Aug. 9, 2007 -- Drawn entirely from the collection of the University of Virginia Art Museum, "Iconic Photography," on display at the museum Friday, Aug. 24 through Sunday, Oct. 28, ranges from 19th-century work by Nadar (pseudonym of artist Gaspard-Félix Tournachon) through 20th-century masterpieces by artists such as Eugène Atget, Ansel Adams and Edward Steichen, to very contemporary works by Lorna Simpson and Joel-Peter Witkin. Ranging from serious to lighthearted, the works on view also represent the breadth of the museum’s photography collection.
Icons, notes exhibition curator Stephen Margulies, may represent human or human-appearing beings, who transcend their individual human appearance because of their cultural, symbolic or spiritual significance. They sum up the most intense values of a period. Icons often represented Jesus, Christian saints, the Holy Family or the deity.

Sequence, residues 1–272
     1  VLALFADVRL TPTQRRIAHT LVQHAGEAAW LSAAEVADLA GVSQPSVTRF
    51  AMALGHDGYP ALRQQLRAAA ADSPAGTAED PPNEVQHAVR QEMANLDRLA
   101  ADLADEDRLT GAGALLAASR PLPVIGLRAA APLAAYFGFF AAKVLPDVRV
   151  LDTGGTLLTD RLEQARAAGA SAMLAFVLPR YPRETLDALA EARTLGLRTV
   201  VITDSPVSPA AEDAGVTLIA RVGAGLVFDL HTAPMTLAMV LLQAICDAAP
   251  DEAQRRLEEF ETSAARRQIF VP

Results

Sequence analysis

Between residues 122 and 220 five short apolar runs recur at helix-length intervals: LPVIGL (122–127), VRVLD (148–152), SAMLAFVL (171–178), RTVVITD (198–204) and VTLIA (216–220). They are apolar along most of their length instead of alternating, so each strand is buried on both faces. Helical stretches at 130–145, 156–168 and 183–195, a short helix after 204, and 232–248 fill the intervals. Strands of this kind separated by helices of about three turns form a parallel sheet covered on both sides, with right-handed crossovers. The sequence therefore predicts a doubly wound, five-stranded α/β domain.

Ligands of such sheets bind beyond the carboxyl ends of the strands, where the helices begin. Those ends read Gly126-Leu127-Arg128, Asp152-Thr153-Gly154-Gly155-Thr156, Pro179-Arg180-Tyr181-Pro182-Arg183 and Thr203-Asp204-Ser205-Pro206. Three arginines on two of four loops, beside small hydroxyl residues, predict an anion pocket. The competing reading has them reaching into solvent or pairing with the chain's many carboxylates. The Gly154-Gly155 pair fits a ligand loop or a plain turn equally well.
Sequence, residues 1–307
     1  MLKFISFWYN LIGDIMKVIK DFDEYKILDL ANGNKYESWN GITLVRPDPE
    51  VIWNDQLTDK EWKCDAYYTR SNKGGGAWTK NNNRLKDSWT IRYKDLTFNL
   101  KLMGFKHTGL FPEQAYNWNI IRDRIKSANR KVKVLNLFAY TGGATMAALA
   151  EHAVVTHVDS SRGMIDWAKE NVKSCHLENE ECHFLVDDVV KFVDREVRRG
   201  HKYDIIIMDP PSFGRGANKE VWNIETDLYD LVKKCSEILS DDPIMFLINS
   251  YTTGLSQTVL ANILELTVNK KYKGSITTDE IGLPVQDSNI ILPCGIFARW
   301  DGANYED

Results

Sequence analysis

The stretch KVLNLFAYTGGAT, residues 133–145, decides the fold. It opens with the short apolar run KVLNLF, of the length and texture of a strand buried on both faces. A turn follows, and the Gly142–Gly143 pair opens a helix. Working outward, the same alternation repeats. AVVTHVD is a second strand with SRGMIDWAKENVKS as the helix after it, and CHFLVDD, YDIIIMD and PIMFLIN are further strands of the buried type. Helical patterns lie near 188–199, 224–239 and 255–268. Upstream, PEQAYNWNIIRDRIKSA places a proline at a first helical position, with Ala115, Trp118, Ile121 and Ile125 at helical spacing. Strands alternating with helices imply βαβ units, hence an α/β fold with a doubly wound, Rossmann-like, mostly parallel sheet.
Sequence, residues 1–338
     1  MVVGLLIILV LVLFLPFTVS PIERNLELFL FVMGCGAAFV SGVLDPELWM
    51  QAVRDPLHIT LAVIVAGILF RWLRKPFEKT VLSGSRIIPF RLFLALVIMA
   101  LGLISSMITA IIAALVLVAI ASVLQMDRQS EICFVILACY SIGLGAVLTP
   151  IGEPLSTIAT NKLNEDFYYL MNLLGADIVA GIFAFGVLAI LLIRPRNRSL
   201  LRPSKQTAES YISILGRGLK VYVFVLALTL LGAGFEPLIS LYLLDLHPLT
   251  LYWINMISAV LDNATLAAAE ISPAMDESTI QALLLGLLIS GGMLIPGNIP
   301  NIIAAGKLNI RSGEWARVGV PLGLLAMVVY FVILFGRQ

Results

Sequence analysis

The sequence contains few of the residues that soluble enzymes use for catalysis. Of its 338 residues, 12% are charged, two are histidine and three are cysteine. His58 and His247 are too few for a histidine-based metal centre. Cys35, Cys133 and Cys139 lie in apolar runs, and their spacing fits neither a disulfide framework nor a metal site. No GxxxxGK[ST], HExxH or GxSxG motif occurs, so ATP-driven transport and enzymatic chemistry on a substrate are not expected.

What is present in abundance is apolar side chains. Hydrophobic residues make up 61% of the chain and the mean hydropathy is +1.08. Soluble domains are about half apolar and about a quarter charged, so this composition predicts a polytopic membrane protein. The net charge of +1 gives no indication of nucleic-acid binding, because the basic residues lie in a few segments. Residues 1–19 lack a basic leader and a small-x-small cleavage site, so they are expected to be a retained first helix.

Uniting these disparate images is their “iconic” imagery. Although most of them are secular in intent, they possess something of the confrontational, psychological and cultural power of the traditional icon, an image that utterly focused the devoted viewer’s attention.
For more than 100 years, photographs have conveyed similar power, with photographers using the techniques of their period as part of their meditative suggestiveness. "Since, in general, the inhabitants of the West are less religious than their ancestors," explains Margulies, "iconic photographic images may be non-religious, strictly speaking. Instead they depict celebrities, people esteemed in their professions, politicians, victims and victimizers, people with a compellingly unique quality, people who play social roles as well as 'types' who epitomize or challenge aspects of our culture. Such photographic images are sometimes so powerful as to induce a response as 'spiritual' or at least as thoughtful as the traditional painted icons of the past."
This exhibition is sponsored by the University’s ART$ Dollars program.
For information call (434) 924-3592 or visit the museum Web site: www.virginia.edu/artmuseum.